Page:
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Rigs and Things

Frank Warwick

often sense that quite a few carp anglers can be dismissive and sceptical when it comes to rigs, but I can live with that! After all, it’s for my own enjoyment and satisfaction that I like to experiment and try new rigs, as I have always got that nagging thought going through my head that I should be doing better. That’s what drives me on and keeps the old grey matter working and, in my opinion, some of our newer recruits to carp fishing have missed out on a rather monumental period in the early-’80s with the invention of the Hair Rig. Words cannot easily convey the massive change in fortunes for the anglers who got onto this rig quickly – it was as though someone had cast a magic spell that made carp suddenly throw caution to the wind and pick up every type of bait presented on them. As an example, at the time I was fishing a stately home lake, Capesthorne Hall in Cheshire, and to my mind I was using decent rigs at the time and had enjoyed varied success. I guess I caught perhaps one in three sessions, with which I was reasonably happy. I thought it was more about finding carp and location, then bait, good bait and bait application – much the same as we fish today. Rigs were fairly low on the list when it came to carp-catching factors; we often used to say, “Straightforward rigs are best, no need for anything fancy!” Sound familiar?

It’s okay finding spots that produce bites, but is your end presentation effective enough?

Frank Warwick

RIGS & THINGS 96

Rigs, without doubt, can either simplify or complicate the issue of catching carp. One angler who has been at the forefront of rig mechanics for more years than he cares to remember is Cheshire-based Frank Warwick, who this month reveals a new take on rig presentation.

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This one at 28lb came from Mid Kent Fisheries Chilham Mill, while I was experimenting with the Pulley Rig.

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Frank Warwick

t ounter tha bankside c a each time registered uth! rig in its mo r u o d a h carp to imagine in g e b ’t n a Ic hits it would y n a m w o h e to say it show, suffic loody would be b loads!”

observations. Some were carp-related, others were regarding barbel, but totally relevant, in my opinion. He said much of the time we are repeatedly getting cleaned out by these fish without the hookbait being picked up at all. Many times he has seen all the free offerings eaten and the hookbaits left stranded in total isolation, and he is absolutely sure the unnatural behaviour and visual aspect of the rig is more of a problem than we think. He gave graphic accounts of times, whilst fishing for barbel on stretches of river where he could see what the fish were up to, and, despite taking all possible concealment precautions, a fairly big group of barbel would often move in over his two hookbaits and baited area and sometimes take a number of hours clearing up all the free offerings and manage to totally avoid his two baited rigs! The same goes for carp, especially in clear water, and Martin did say that most of his observations relating to this behaviour were in clear water conditions. From observations some of you know just how good a carp’s eyesight is, so who really knows how often this is happening even in murkier conditions! (Scary thought, isn’t it?) So what’s the answer? Well, that’s the million-dollar question. I happen to think that for the sheer number of hours spent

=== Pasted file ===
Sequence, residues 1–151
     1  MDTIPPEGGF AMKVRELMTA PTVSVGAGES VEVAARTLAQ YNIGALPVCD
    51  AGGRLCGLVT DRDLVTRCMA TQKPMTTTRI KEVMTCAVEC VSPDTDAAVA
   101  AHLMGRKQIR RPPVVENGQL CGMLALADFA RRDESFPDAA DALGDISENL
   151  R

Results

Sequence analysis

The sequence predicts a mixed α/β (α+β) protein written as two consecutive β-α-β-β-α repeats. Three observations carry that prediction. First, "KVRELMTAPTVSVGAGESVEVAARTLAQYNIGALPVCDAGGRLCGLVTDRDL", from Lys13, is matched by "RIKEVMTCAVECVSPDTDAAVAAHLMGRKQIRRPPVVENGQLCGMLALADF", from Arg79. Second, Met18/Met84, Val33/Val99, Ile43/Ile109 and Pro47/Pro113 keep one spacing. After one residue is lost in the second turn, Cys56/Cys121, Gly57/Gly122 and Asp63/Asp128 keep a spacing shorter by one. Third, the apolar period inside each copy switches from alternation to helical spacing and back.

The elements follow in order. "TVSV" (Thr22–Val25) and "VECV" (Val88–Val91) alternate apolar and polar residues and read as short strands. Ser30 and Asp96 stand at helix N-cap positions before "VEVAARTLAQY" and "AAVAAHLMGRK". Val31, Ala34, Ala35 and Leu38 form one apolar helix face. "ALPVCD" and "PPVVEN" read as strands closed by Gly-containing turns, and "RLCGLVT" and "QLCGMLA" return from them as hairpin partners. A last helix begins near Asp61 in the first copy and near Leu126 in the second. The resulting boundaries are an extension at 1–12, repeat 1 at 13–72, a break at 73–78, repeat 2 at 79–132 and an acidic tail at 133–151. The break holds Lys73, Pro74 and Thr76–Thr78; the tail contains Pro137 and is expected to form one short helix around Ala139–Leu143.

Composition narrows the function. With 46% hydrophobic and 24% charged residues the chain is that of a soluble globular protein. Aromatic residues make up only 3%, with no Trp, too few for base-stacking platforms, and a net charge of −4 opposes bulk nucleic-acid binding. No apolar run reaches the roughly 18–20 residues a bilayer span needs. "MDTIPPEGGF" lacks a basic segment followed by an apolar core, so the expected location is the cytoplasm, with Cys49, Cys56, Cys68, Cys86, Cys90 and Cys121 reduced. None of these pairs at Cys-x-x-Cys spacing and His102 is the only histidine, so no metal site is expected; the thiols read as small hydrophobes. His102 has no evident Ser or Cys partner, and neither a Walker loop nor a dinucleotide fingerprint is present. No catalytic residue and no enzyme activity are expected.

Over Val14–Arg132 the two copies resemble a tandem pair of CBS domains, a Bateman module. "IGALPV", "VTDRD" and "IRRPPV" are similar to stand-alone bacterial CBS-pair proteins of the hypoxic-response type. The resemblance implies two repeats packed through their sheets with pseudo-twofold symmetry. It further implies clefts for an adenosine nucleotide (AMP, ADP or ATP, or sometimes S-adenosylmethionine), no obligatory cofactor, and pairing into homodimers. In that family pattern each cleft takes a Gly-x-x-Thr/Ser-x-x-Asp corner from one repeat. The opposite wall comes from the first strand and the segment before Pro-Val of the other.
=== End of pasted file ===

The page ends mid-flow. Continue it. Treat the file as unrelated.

Rigs and Things

Well, let me tell you, the use of the Hair Rig not even happen in my lifetime – who knows? was so amazing that on the same water where What I do know is that winter carp fishing perhaps one in three trips might produce a results are much poorer than they used to be, carp, it changed instantly to between 5-20 carp despite our use of more sophisticated baits, per day. If you got location and the bait spot ingredients, terminal tackle, etc., therefore on you could even get into double figures of I can only surmise that summer returns are carp captures in an evening session! To the poor in decline, especially when you take into anglers who weren’t privy to the Hair Rig, it account the increased numbers of carp anglers made us lucky people who were using it seem participating nowadays. like gods. Of course, we did nothing to dispel Do you see where I am coming from? I look this, and secretly revelled in our good fortune at the generally very good weight gains for to be in on the big secret. carp all over the UK and it seems blatantly The thing that really shocked me back then obvious they haven’t gone into a kind of ‘eat less was how our previously uncatchable winter carp and don’t get caught much’ mode. They have suddenly became so very catchable. It made us simply learnt to deal with our current crop of realise that they were still eating after all, and rig presentations and most probably treat them more than we could possibly imagine. It was a with a fair degree of contempt, more often than carp fishing revelation that I think will never be not taking them on and dealing with them with matched, due to so many relevant factors from an ease that would shock us if we knew how that moment in time. However, having seen often it probably happens. Imagine if we all had the incredible rig that we all now still take for a little bankside counter that registered each granted turn carp fishing on its head, who’s to time a carp had our rig in its mouth! I can’t say that another idea might not achieve a lesser begin to imagine how many hits it would show, effect but still have a comparatively big impact! suffice to say it would be bloody loads. Did you notice I said ‘idea’, because the next One man I have a lot of respect for is step could come from a number of Martin Bowler, and during our directions and not necessarily conversation about this if be rig-related. Only time subject, Martin went a e in “Imag will tell, and perhaps the whole lot further with e tl a lit next big change might his comments and we all had

The latest ‘rig think’ from Frank Warwick, The Pulley Rig. 97